In her role as Product Manager at OneDayOnly, Natja Carli gets a closeup view of the way that effective tech teams work – and she’s learned a thing or two about what you need to do to get off to a successful start in the industry, as well as solving all manner of people problems. We asked Natja to provide her perspective on the make-or-break beginnings of a career in tech.

Could you start by telling us a little about your own career?
During my Honours year (in Information Systems), I did an internship at a consulting company who ultimately offered me a permanent role once I had completed my studies. I spent a few years working as a business consultant before going into project management. Having had exposure to a variety of industries in my consulting days, I found my niche in retail and spent six years as a project manager at Truworths where I was responsible for projects in both business and IT. After I’d done a course in Agile Product Ownership, an opportunity presented itself to lead the development team at OneDayOnly. This role has required me to tackle the challenges of a rapidly growing business, taking a team of four using limited processes to a fully fledged department of 11 with a continuously improving delivery flow.

What does your job involve on a daily basis?
The short answer is – emails and meetings. The long answer is that I’m responsible for solving people’s problems; those of my team, those of the broader business and those of our customers. It’s the role of the dev team to find solutions using technology, and I’m proud to say that I work with some extremely passionate and talented people who love to do just that.

What’s something that you wish you’d been told about working in tech?
This may be obvious and also does not apply to everyone, but I wish I had realised that I would need to live near a large economic hub to work in my role. I would have liked to live on a remote farm somewhere and still have my career, but my role requires me to be physically present and to deal with people. On the up side, I absolutely love what I do and the people that I deal with every day.

When you’re looking to hire new team members, what makes a candidate for the job stand out?
As you may know, there are many stages in the recruitment process, so I’ll break it down by stage.
For Natja’s advice on CV prep, click through to 4 Ways to Make Your CV unmissable.
First interview (usually on Skype): a good attitude is key. If the candidate is late without communicating with me, or seems too arrogant, then this is already a red flag.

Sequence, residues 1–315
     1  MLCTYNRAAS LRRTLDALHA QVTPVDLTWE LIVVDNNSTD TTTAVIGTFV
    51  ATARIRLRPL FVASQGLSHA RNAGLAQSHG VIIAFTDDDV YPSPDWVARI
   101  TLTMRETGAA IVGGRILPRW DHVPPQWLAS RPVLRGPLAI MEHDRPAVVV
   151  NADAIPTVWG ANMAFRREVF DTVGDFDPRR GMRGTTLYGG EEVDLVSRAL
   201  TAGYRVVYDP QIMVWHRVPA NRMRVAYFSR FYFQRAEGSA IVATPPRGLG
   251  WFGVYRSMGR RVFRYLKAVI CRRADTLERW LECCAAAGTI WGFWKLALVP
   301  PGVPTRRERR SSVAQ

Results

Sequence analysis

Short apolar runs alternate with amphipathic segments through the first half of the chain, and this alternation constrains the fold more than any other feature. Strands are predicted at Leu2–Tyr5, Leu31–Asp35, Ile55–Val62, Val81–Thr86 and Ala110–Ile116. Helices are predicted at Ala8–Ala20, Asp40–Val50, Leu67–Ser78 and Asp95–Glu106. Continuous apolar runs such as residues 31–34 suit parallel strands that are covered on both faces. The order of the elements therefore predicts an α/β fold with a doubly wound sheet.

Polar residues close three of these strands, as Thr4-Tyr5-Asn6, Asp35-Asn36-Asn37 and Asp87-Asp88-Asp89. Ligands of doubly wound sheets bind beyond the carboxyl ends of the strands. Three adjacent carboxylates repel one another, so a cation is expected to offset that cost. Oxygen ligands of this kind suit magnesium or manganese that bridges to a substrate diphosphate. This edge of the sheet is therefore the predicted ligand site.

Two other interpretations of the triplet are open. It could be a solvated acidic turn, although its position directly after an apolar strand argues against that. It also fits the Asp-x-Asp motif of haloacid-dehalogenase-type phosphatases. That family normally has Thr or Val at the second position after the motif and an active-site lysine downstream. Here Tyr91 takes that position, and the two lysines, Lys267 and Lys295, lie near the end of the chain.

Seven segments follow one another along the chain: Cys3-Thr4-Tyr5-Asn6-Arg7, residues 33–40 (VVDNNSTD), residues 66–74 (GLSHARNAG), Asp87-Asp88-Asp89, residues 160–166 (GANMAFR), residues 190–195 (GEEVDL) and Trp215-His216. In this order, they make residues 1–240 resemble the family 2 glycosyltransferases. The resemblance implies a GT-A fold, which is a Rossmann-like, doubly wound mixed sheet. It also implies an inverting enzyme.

Technical assessment: this is the most important step as the code speaks for itself. I am happy to hire someone that does not know everything, but includes comments on what they would need to do to make it work, e.g.’need to investigate SQL injection’, as this shows a willingness and the ability to learn from challenges.
Face-to-face interview: this is really just to seal the deal. Candidates are often nervous, which is to be expected. This step is to check how they would fit in with the team and to verify that our impression from the previous stages is correct. This requires more intuition and I can usually tell within about 10 minutes if the person will fit in or not. It is also important for the candidate to know if they will enjoy working with us, so I would encourage them to ask many questions about the company culture – and to also be themselves.

What makes the process of hiring an intern unique?
The difference in hiring an intern is that candidates rarely have relevant work experience. Other than that, everything else is pretty much the same. The interview process is also much less intensive, so we would probably only have the technical assessment and a face to face interview. I would not offer an internship to someone who I would not hire as a permanent member of my team, so even though the internship might be for a limited period, the candidate will still need to meet all the right criteria in terms of personality and fit. The other thing that makes hiring an intern unique is that you need to be able to identify potential, which is a bit more tricky. Again, the technical assessment will help determine this.

What should every job or internship candidate ask in an interview at a tech company?
‘What is your policy on skills development?’ This is especially important for an intern as the role of the company is specifically to help them further their skills and experience, but it also applies to other candidates who should want to further their knowledge.

What do you hope to see changing or improving in your industry soon?
I hope to see more people, but especially women, choosing to follow a career in technology because they’re passionate about it. Coding and other tech-related roles are not necessarily difficult, it just may take a bit of time to get into it, which is why places like CodeSpace are so beneficial.

What’s one tech tip that everyone should use in their daily life?
If you are facing a problem with information, then there is a high probability that someone else has had the same issue before. If you use Google, you will most likely find a solution, be it an app, a formula or just a different way of doing things. Personally, I love Excel and use it for all my planning, including parties and my monthly budget.

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